Before his election, Bogdan Ruzhinsky, a Volynian nobleman, led one of the most brutal Cossack raids in their history. In 1575, a Tartar group raided the southern borders of Poland, and as they headed home, Ruzhinsky's men followed. They went to the Crimea and freed Christian slaves, and in his wake no man, woman, or child was spared. Ruzhinsky continued along the Asia Minor coast through Trabzon, Sinop, and a surburb of Constantinople. On his way home, he attacked Aslam-Gorod.

***Cossack seamen took their small chaiki (boats) on the Black Sea at the turn of the century.

After Batory's cornation, Cossacks burned Tiagin and devastated Khaslan-Gorodok and Lower Region Cossacks attacked the Tartars who raided Muscovite lands. Ataman Jacob Shakh attacked Tartars in January in the following year. The Tartars were stripped of presents given them in Moscow (as payment for services rendered them). The Tartars returned the favor by attacking Kiev and Belaia Tserkov. War went back and forth for another year, as the Tartars destroyed Bar and other small outposts. In October, Prince Yanush Zbarazhsky, the Voevode of Bratslaw, retaliated and defeated the Tartar.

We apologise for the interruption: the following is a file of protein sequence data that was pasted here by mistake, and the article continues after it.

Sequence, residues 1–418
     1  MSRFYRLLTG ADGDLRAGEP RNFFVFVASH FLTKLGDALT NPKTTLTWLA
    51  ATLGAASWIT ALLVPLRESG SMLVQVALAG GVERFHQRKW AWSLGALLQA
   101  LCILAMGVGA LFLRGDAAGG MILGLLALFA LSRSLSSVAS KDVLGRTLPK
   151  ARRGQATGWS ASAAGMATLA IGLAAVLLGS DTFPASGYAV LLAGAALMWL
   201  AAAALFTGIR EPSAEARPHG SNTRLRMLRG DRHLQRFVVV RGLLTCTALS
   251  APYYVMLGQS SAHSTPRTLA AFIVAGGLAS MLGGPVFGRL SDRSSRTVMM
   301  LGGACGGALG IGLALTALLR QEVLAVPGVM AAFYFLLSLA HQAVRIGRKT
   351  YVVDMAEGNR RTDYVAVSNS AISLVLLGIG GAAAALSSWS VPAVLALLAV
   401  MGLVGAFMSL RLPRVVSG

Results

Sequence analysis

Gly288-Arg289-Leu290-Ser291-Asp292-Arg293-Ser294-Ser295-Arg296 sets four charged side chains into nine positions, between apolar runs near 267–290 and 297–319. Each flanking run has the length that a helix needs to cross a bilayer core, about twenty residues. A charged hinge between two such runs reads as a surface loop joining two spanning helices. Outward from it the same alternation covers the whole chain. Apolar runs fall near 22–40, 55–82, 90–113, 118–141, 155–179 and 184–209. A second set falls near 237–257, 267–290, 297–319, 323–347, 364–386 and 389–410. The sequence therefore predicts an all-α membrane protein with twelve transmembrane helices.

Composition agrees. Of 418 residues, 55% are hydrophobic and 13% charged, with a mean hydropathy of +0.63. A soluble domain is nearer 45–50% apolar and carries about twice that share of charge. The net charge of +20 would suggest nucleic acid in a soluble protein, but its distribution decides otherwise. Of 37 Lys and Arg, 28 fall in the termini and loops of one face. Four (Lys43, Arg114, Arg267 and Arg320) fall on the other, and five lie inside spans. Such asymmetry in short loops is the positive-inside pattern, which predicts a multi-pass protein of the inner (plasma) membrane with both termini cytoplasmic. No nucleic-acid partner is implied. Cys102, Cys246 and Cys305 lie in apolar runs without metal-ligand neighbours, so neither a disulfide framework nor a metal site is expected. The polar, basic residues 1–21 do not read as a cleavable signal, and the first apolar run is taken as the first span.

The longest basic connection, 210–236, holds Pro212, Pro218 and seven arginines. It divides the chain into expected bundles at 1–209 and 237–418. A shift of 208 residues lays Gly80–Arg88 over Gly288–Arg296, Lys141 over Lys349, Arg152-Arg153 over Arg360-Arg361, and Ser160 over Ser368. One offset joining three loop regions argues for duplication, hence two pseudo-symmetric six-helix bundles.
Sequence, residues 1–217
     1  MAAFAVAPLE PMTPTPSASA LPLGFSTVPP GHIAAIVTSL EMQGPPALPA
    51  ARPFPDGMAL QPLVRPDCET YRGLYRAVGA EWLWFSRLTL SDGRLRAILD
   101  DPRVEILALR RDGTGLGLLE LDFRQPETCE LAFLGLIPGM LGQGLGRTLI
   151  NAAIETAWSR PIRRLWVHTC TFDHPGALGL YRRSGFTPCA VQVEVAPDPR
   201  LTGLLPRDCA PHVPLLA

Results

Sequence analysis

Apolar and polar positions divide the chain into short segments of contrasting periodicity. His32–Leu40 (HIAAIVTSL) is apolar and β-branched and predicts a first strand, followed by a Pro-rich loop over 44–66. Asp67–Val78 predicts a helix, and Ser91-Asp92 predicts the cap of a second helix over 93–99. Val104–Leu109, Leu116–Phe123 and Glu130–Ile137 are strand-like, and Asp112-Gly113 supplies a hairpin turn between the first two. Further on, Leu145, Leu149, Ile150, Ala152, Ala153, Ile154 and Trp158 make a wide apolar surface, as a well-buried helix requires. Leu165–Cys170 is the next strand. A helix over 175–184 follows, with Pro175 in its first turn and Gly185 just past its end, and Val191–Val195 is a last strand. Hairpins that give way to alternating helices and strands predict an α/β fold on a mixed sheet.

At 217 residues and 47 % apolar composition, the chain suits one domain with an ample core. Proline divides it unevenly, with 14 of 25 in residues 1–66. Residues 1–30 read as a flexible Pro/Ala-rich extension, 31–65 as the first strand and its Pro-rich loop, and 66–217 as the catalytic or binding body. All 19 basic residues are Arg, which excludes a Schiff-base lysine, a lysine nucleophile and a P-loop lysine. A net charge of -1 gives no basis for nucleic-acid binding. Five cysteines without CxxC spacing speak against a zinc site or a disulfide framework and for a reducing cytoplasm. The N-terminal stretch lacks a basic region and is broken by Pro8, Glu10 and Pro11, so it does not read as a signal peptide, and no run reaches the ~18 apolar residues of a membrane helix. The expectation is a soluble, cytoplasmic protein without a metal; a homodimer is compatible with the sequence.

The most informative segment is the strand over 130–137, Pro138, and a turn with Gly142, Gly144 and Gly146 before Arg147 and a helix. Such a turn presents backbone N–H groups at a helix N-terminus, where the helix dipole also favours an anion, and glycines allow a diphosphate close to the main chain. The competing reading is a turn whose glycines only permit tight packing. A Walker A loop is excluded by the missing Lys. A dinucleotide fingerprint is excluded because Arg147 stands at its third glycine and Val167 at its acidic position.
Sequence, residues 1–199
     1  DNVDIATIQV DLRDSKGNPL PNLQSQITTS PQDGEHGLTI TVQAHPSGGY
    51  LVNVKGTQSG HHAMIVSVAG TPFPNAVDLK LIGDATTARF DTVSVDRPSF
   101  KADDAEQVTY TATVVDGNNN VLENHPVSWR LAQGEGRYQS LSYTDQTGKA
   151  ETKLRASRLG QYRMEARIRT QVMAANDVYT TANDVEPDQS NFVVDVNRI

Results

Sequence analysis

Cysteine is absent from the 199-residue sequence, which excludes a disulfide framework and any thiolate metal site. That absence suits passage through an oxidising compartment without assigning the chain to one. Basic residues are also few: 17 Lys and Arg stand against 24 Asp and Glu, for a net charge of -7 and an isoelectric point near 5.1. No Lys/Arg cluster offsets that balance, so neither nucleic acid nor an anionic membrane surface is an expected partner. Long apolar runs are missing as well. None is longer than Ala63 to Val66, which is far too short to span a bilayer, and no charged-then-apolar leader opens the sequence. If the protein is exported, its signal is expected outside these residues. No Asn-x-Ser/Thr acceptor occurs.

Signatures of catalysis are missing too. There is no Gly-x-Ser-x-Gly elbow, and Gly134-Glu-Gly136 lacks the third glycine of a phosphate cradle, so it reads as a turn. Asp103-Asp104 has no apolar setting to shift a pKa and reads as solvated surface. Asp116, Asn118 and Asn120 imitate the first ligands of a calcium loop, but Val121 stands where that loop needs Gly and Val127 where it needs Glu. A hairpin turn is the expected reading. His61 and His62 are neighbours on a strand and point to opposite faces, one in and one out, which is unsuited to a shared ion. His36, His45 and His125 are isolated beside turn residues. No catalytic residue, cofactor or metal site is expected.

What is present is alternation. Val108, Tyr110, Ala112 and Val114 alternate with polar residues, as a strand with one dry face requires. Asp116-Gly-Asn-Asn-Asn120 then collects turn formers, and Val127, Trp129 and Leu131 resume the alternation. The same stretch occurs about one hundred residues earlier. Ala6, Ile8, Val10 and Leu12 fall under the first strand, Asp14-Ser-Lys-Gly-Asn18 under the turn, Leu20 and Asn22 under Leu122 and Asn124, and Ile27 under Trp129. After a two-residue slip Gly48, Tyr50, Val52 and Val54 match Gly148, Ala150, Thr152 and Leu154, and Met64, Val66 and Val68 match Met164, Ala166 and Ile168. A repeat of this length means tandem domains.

In 1577, there were a few Cossacks pretenders to the Moldavian throne, the first was Ivan Podkova. However, he was overturned, imprisoned, and later beheaded. In 1578, his brother, Alexander, was elected the leader of the Cossacks and invaded Moldavia. Stephen Batory's brother defeated them near the town of Jassy. The Cossacks were led by a man named Peter (brother of Alexander Podkova?). He also was defeated while trying to seize the Moldavian crown. The Cossacks were driven out of Moldavia. The Turks wanted Batory to execute Padkova. March 1578, a Turkish emissary came to Krakow:

    Their talks concluded that: